The Biotic Woman: Strays and Breeders Edition
It’s been a tough year for feminist sensitivity in South Carolina’s elected ranks. During a press conference last summer, Governor Mark Sanford declared, while occasionally shedding tears, that a woman other than his wife was his soulmate. For what it's worth, Jenny Sanford has since filed for divorce, upending the “stand by your man” stance of many political wives, and is working on a memoir.
But last Friday’s comments by Lieutenant Governor Andre Bauer take the proverbial cruelty cake for thoughtlessly conflating the suffering of people and animals, victim-blaming during the recession, threatening those on government assistance with unnecessary and unrelated stipulations to receiving their benefits, and using sexual shaming tactics and mocking decision-making abilities that he conflated with willpower, age and intelligence. You thought Sanford did a number on his whole family and his state with his public confession? He could learn a lesson in heartlessness from Bauer, who said, in part:
"My grandmother was not a highly educated woman, but she told me as a small child to quit feeding stray animals. You know why? Because they breed. You're facilitating the problem if you give an animal or a person ample food supply. They will reproduce, especially ones that don't think too much further than that. And so what you've got to do is you've got to curtail that type of behavior. They don't know any better."
The entire audio from this appalling speech can be heard in the YouTube video below.
Bauer’s comments came as part of his argument that government benefits should be taken from those who fail drug tests or don't attend parent-teacher conferences or PTA meetings. I’m all for parental involvement in the schools, but further penalizing people scraping by on government assistance because they don’t have time to go wrangle with other PTA moms is absurd and wildly out of touch. He also equated low test scores with schools that provide free or reduced-fee lunches, which directs blame at all of the wrong institutions and systemic problems. Perhaps most problematically, he moves without irony from complaining about government assistance rewarding “bad behavior” to fretting about “babies having babies.” Is he upset about welfare or teen pregnancy? Why so many judgment values? Why conflate personal choices with tough economic times?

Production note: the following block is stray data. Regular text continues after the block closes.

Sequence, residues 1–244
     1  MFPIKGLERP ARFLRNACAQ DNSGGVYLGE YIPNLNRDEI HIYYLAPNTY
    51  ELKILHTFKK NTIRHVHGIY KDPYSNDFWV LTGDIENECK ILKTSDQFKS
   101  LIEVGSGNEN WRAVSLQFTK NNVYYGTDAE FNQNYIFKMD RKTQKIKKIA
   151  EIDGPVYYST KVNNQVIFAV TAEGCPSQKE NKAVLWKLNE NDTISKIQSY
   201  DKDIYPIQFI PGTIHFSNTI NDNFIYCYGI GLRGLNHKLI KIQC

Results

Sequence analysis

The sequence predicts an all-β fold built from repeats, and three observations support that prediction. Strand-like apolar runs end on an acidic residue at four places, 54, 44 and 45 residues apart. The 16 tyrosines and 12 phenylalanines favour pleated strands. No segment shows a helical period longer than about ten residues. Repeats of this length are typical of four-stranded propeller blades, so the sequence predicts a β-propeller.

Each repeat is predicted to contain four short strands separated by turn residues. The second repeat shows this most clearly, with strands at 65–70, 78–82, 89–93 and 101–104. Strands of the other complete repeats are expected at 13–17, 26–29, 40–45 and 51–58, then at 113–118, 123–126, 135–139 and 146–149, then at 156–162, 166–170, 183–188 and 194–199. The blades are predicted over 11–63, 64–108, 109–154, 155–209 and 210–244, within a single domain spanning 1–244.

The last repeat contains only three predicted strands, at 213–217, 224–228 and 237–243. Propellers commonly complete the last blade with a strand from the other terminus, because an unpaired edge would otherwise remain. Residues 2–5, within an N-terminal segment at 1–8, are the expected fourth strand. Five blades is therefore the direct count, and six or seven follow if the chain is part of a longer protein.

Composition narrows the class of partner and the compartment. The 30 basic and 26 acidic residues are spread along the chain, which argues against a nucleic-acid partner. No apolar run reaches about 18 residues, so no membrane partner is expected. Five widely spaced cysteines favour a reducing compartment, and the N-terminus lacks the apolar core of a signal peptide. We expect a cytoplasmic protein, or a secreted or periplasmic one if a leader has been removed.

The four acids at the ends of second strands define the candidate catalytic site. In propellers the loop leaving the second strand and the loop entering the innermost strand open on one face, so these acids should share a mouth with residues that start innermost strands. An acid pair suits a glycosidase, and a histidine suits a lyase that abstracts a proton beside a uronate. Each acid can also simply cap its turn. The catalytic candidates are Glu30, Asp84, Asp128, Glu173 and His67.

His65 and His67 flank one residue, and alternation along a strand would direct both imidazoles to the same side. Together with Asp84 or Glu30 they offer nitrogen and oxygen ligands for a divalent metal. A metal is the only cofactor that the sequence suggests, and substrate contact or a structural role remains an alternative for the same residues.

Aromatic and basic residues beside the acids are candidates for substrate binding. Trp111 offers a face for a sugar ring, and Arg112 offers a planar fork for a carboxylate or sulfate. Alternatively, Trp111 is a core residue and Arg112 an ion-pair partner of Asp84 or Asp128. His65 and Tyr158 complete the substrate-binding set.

[Aside: does Bauer think Gov. Sanford should have thought further than his own attempts at breeding? Or is Sanford off the hook for his sexual transgressions because he’s a wealthy, well-educated white dude? Sanford’s “bad behavior” arguably cost the state more in wasted time and resources than government assistance programs, but I digress.]
What does this have to do with ecofeminism? Predictably, some liberal and progressive blogs have seized on Bauer’s statements in the same ways I have, but no one bothers to call out the most basic issue here: that comparing people to animals is a strange, inconsistent insult that devalues all living beings. Many people would argue that in fact we are all animals—human animals. Why assistance for necessities like food would be treated as a way to speak down to others is more confusing than anything—we all need help now and then—and no doubt the history of using animalistic insults towards people of color and low-income people is lost on Bauer.
The other problem I have with this argument is about the closeness of need and how we care for so-called “strays.” What is it about getting too close to someone else’s pain? Is it that you’re afraid you’ll end up caring too much, or is it that once you come within a certain proximity, you become (self-imposed or otherwise) “responsible” for others? As I see it, you do become responsible. You are charged with the knowledge of suffering, and the moral and ethical choices about how you will use this knowledge. Bauer contends that if you feed a stray, it will return. But why is a system of care and support so widely disparaged? So what if a stray animal or person returns? “Stray” implies impulsivity, rootlessness, lost. I’d argue a stray person or animal acts on perfectly rational instinct to go towards food, shelter, community.
Bauer, who has “a reputation for reckless and immature behavior” according to the Associated Press, issued a non-apology on Monday that included the sentiment: “I wish I’d used a different metaphor.” I’ll take it one step further. I think he oughta stick to talking about issues he understands and leave the metaphors out of it entirely until his level of awareness of intersecting issues catches up with his prominence in state politics.
Photo credit Brad Warthen's blog
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